Supergirl seems to enjoy bragging to us how her Earth is the one where we’d rather live, and the most obvious proof of it is that, in her version of 2017, the President of the United States is a woman and a Democrat.
Moreover, at the beginning of the show’s second season, this President grants a blanket amnesty to aliens. This first step reverberates in many ways: by the finale, literally every named employee of the DEO is romantically involved with the “wrong” planet (Kara/Mon-El), the “wrong” life choices (Wynn/Lyra), the “wrong” faction (J’onn/M’gann), or the “wrong” gender (Alex/Maggie).
On top of that, Mon-El gets his father to respect him as a proper adult, Kara gets her boss to respect her as a proper journalist, ordinary human Jimmy Olsen gets the superpowered cast members to respect him as a proper hero, and a Luthor, or all people, gets Kara to respect her as a proper friend. Radical acceptance is the theme of this season.
This need for tolerance reaches a wider scope as the living conditions of aliens in Supergirl‘s Earth are taken as an opportunity to comment on our real world: every villain sees these refugees as a tool to wield instead of individuals to get to know. They’re forced to fight each other, sold as slaves, hunted for money, exploited for their talents, resented for their worlds’ histories, scapegoated by fearmongerers, and threatened several times with genocide.
At the very close risk of turning alien refugees into a political wild card to mean whatever message the episode of the week wants to teach, the screenwriters manage to present a rich and compassionate picture of the immigrant experience. Specifically, the arc that Kara and J’onn go through in unlearning their respective racial hatred against Mon-El and M’gann are one-half of the emotional core of the season.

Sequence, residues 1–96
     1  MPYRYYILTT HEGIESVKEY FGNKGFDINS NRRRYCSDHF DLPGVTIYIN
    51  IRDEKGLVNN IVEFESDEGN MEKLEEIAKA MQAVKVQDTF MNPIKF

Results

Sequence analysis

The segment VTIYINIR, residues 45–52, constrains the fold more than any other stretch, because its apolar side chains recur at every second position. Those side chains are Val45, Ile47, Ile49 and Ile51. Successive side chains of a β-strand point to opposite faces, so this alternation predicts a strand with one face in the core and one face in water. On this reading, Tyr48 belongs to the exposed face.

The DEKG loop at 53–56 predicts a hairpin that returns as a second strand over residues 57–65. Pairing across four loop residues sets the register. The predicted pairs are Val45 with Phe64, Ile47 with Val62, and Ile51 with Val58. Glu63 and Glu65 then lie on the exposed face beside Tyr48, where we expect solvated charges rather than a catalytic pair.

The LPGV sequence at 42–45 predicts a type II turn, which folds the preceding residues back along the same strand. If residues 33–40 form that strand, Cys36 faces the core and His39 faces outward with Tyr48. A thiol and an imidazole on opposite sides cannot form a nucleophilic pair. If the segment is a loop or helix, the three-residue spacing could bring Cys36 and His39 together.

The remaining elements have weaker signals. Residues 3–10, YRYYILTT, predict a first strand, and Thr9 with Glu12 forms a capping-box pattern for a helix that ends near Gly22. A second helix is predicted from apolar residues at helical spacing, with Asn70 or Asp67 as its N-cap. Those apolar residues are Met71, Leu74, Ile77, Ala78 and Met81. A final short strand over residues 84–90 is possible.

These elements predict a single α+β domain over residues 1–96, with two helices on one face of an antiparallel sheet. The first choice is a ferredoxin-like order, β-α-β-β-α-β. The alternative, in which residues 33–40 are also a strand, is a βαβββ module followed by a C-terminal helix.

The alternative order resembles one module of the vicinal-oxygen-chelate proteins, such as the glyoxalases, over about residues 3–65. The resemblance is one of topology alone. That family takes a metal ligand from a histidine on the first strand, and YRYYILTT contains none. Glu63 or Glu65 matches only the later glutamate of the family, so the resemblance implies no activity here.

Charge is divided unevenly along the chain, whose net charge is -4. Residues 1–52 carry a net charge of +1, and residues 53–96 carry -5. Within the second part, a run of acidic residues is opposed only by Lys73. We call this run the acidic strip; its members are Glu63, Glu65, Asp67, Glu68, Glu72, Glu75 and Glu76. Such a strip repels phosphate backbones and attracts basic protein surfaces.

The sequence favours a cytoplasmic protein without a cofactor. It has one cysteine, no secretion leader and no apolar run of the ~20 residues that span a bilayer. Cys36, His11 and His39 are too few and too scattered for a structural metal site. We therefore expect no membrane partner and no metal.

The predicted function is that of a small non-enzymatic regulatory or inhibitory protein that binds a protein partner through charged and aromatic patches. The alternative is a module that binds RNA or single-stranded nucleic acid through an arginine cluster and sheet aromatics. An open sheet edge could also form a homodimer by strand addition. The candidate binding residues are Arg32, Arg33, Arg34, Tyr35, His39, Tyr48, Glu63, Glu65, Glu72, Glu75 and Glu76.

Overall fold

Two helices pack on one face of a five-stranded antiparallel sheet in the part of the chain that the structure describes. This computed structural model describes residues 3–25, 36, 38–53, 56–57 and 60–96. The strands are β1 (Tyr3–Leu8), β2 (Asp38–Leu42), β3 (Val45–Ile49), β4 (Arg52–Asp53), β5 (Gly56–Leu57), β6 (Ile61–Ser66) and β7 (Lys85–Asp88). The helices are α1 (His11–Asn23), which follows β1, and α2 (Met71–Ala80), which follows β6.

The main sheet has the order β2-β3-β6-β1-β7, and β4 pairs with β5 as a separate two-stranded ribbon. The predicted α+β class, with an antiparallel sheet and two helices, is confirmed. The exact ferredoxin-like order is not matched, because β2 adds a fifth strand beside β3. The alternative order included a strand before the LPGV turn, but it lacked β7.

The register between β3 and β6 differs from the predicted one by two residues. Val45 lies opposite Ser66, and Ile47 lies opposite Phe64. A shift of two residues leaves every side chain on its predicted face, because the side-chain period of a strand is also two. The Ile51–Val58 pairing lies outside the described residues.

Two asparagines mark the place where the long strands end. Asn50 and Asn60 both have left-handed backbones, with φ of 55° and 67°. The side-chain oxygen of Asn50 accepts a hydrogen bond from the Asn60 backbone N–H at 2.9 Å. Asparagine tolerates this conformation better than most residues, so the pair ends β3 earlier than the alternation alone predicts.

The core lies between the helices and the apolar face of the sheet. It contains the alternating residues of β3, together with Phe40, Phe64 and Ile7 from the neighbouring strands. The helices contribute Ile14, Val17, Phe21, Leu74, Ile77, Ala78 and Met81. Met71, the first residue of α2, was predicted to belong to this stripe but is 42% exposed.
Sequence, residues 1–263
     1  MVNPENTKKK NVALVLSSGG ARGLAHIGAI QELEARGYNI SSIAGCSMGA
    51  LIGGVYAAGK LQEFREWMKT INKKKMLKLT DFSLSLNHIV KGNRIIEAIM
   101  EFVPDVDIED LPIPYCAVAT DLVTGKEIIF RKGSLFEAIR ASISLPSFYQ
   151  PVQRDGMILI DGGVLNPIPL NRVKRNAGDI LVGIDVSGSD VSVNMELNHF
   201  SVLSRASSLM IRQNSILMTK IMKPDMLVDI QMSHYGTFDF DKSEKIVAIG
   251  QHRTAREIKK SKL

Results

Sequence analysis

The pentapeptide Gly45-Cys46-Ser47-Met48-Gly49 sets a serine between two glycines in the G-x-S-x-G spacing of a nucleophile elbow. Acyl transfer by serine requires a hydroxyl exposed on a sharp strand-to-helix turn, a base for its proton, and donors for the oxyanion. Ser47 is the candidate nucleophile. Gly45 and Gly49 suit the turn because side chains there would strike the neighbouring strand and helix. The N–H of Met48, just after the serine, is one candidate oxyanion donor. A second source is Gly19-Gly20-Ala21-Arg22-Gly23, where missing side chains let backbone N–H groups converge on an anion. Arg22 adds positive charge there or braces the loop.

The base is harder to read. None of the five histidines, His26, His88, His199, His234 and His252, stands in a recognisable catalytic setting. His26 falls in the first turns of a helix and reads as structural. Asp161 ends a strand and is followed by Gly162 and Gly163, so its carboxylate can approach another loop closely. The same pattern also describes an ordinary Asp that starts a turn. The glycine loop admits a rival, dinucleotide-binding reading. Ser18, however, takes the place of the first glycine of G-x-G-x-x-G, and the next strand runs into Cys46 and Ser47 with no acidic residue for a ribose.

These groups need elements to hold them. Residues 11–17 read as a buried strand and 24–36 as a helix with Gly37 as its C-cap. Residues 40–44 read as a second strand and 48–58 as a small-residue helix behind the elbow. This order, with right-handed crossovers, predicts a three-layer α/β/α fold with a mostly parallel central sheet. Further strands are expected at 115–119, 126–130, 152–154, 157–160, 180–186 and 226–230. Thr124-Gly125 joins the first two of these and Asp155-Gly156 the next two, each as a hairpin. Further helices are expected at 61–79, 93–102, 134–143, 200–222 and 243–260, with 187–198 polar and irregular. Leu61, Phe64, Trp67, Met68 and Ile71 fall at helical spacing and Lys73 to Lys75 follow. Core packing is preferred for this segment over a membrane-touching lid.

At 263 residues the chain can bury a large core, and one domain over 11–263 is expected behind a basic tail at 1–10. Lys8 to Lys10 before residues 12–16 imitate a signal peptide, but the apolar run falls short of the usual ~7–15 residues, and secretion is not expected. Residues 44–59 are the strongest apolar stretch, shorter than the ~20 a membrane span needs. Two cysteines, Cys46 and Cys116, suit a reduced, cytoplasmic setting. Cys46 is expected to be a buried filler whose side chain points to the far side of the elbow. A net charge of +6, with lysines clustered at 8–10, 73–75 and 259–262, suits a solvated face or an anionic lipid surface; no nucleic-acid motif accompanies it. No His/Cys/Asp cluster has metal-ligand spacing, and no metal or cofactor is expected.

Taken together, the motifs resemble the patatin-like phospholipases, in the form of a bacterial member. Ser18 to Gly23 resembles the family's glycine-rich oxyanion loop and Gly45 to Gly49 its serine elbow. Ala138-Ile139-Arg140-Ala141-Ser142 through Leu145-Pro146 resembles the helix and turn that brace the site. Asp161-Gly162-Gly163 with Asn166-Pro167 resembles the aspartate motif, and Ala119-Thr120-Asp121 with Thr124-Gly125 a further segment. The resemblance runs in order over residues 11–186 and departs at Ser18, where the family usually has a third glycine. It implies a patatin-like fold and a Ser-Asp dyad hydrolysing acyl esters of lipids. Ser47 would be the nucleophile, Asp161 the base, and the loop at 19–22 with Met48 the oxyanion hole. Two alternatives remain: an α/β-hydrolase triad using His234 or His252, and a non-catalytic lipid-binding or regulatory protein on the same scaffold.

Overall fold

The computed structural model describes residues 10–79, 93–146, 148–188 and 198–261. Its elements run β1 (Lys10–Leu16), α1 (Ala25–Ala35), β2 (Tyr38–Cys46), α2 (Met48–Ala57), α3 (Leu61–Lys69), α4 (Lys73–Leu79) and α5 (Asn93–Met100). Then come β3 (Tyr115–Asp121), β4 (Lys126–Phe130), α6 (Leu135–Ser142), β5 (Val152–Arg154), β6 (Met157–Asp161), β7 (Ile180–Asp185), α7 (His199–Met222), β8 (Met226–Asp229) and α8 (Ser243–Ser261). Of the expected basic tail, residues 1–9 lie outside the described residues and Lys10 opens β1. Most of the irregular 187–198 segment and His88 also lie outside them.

The other half is Lena and Alex’s journey toward self-respect. This idea that you don’t need to be defined by family (or species) expectations should not sound radical, but we live in radical times. It’s no coincidence that the season’s overarching enemies are a) Cadmus, a paramilitary human-supremacist organization that promotes the ethnic cleansing of Earth; and b) the Daxamites, a totalitarian empire with outdated traditions and no concept of civil rights. The show’s response to that? Resist.
Anti-Trumpism, the hopeful and fearless and mature refusal to see the world in us-vs.-them terms, is what saves the day in every episode of the season. To hammer the point even harder in the viewers’ faces, “Nevertheless, She Persisted” is the title of the last episode, and it’s a perfect choice. In real life, blind allegiance to ill-defined tribal identities is endangering our instinctive connectedness.
Likewise, the characters of Supergirl‘s second season find that they need to be better than their prejudices in order to solve inherited conflicts that they didn’t really choose to be a part of in the first place.
As the girl-power story that it inevitably is, Supergirl was of course expected to represent this breed of progressivism, and it delivers. Rewatch Cat Grant’s speech and feel the tingles: “They come with empty promises and closed fists. They promise to make our world great again, and yet they know nothing about the people who make this world great.”
So true, and so needed in our troubled age.